It is with great sadness that our warrior leader and president/CEO and co-founder of the National Black Chamber of Commerce, Harry C. Alford, transitioned Monday, Dec. 6, in Washington, D.C. He was preceded in death by his wife, Kay DeBow, vice president and co-founder of the National Black Chamber five months ago.
In 1993, Harry moved the newly established National Black Chamber of Commerce from Indianapolis, Indiana to Washington, D.C. The first Board Chairman was the former Assistant Secretary of Labor, Dr. Arthur Fletcher, the “Father of Affirmative Action.” Most of the existing Black Chambers derived from Harry’s initiatives and influence over the years.
Today, the National Black Chamber is the largest Black business organization in the world, consisting of regional organizations of Black Chambers in the United States, eight countries in Africa, 11 membership Chambers in the Caribbean and five member Black Chambers in Central and South America. Black Chambers were also established in London and Paris under Harry’s leadership. In addition to coordinating this global operation, Harry spoke before Congress on behalf of Black business, often several times a month. For many years, he served on the Board of Directors of the most influential Chamber in America, the United States Chamber of Commerce, in Washington, D.C.
“When President George Bush asked Harry Alford to assist him with a strategy to identify any Black owned businesses remaining in the Hurricane Katrina impact zone and a plan for helping them survive, he selected the right man,” said Arnold Baker, president of Baker Ready Mix.
Harry brought a fresh perspective and renewed vision that nothing was impossible and held the White House accountable for making available unfettered access to the Corps of Engineers, HUD, the Department of Commerce, and DOT for the nation’s greatest rebuild.
“Today the lessons learned and visioning processes that Harry and Kay brought to fruition are responsible for tens of billions of dollars in small business inclusion programming which are now the basis for every disaster relief program,” Baker said. “They not only made history in New Orleans but designed the base principals for recovery programs now implemented across the globe.”
As word spread of Harry’s death condolences and personal memories of Harry’s business acumen began to pour in.
John Harmon, who is the president of one of the most successful Black Chambers in New Jersey, said that it was the guidance of Harry and his beloved wife Kay, that guided him through many business initiatives. He also said it was because of his influence that he served on the NBCC board and the board of directors of the U.S. Chamber of Commerce.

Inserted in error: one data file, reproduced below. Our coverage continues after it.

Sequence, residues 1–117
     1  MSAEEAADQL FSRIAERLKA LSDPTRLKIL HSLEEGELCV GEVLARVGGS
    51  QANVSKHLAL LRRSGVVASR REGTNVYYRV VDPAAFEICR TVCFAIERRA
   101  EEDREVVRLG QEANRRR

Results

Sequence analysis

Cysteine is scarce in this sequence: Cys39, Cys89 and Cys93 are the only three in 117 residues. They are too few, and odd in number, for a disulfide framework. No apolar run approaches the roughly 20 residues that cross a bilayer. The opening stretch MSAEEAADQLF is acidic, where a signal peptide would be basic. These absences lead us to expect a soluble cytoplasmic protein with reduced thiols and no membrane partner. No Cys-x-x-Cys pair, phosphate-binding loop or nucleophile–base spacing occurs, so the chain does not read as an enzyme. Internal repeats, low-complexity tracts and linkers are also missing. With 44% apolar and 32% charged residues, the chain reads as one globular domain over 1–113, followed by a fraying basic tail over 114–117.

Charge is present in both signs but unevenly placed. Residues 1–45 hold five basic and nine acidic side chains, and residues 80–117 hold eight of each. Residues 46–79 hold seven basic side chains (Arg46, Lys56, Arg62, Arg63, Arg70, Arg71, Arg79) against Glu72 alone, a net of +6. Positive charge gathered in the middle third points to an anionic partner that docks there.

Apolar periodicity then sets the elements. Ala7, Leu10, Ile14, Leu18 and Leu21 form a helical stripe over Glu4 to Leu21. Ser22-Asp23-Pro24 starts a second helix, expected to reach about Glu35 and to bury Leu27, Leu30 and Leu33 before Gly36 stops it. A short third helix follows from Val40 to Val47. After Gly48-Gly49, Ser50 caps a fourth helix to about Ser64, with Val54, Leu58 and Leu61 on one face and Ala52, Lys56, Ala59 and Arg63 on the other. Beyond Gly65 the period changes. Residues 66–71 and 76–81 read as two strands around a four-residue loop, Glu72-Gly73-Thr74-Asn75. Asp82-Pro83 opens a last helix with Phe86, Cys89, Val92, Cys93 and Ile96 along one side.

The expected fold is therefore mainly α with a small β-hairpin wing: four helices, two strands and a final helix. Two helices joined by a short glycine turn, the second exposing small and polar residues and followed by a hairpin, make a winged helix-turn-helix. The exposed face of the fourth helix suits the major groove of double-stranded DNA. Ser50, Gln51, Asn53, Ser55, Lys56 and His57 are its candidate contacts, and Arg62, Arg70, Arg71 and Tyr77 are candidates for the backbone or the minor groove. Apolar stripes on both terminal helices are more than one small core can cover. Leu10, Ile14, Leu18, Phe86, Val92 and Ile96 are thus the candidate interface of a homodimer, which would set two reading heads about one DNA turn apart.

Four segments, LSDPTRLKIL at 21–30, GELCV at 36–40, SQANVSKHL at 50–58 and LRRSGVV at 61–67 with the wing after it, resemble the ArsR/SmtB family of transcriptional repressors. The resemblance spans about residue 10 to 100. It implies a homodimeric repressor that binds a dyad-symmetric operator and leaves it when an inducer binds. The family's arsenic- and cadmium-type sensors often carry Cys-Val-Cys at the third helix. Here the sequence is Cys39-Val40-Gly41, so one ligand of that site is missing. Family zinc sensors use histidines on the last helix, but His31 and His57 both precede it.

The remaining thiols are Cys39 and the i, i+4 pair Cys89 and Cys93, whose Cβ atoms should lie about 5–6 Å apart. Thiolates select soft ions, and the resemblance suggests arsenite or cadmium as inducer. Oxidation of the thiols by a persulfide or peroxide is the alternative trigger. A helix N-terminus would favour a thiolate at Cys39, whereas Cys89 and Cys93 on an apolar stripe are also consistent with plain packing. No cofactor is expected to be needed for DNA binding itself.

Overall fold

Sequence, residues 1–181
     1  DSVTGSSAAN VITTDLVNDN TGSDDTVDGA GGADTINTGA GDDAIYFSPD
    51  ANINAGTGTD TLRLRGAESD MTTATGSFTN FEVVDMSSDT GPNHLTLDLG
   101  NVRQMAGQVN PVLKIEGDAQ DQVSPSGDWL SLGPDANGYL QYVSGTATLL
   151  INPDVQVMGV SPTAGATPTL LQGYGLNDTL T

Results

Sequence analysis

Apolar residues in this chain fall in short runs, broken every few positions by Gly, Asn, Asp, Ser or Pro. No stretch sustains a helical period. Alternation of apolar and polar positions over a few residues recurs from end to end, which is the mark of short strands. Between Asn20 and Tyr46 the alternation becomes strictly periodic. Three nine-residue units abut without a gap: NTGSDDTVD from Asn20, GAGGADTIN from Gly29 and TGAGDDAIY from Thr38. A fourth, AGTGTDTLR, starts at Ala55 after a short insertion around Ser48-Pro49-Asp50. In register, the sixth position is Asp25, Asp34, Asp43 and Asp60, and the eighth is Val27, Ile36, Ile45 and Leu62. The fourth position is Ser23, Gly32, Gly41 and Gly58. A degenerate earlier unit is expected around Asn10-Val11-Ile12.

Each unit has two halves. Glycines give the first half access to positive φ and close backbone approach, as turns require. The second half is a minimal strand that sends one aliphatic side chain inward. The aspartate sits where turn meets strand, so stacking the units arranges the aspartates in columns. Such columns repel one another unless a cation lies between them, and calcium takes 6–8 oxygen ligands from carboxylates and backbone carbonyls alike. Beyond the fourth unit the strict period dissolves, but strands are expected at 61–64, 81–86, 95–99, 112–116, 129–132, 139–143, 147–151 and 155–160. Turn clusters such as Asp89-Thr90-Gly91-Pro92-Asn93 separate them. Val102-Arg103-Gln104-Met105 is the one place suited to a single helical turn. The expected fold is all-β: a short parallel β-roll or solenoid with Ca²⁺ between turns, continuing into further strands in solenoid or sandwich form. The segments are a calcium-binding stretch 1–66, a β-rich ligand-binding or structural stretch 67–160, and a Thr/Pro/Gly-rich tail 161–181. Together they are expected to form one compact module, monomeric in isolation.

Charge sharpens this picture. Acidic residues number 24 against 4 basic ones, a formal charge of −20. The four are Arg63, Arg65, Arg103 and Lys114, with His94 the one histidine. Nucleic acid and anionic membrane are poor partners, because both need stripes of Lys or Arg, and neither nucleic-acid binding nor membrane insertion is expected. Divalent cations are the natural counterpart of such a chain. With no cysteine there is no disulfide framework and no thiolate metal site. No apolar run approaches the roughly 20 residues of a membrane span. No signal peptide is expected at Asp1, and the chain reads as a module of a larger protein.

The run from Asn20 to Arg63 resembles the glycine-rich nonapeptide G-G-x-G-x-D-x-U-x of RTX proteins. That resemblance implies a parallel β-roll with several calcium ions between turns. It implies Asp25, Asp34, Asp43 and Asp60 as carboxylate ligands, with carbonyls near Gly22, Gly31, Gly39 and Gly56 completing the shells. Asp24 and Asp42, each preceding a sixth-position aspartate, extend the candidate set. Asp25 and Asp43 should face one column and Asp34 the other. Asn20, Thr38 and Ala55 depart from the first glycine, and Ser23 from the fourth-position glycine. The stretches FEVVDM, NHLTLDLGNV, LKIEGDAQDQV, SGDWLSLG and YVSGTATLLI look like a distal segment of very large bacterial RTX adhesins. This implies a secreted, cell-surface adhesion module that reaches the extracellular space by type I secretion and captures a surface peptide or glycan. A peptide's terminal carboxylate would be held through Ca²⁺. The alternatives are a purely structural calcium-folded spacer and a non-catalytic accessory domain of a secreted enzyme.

“I knew Harry and Kay before they left Indianapolis to establish the national chamber in Washington, D.C. I had a great relationship with him in Indiana when he served in the cabinet of former Gov. Evan Bayh. I went into a meeting with him expecting resistance and I was met with agreement and a solution that led the way for Indiana Black newspapers to do business with the state,” said Dorothy R. Leavell, publisher of the Chicago and Gary Crusader newspapers.
“When he started the National Black Chamber, our relationship expanded to include me as a board member of NBCC and when I was chairman of the National Newspaper Publishers Association Foundation he served with distinction on our board. He was always eager to help The Black Press ‘as a business’,” Leavell said.
Members of the NBCC Board of Directors including Fred Jordan, NBCC’s outstanding member of San Francisco and Oakland, CA, representing the west coast, said that the future of NBCC is bright. Presently Charles H. DeBow, III is executive director, he had served previously as vice president of Global Development and Programs.
Current NBCC Board Chairman and President of the Illinois State Black Chamber of Commerce, Larry Ivory, stated, “Harry Alford was the Godfather of Black Chambers in the United States and from his Washington, D.C. headquarters, gave Black business a seat at the table for over 28 years. Harry and Kay’s legacy will live on as we continue moving the National Black Chamber of Commerce’s agenda forward.”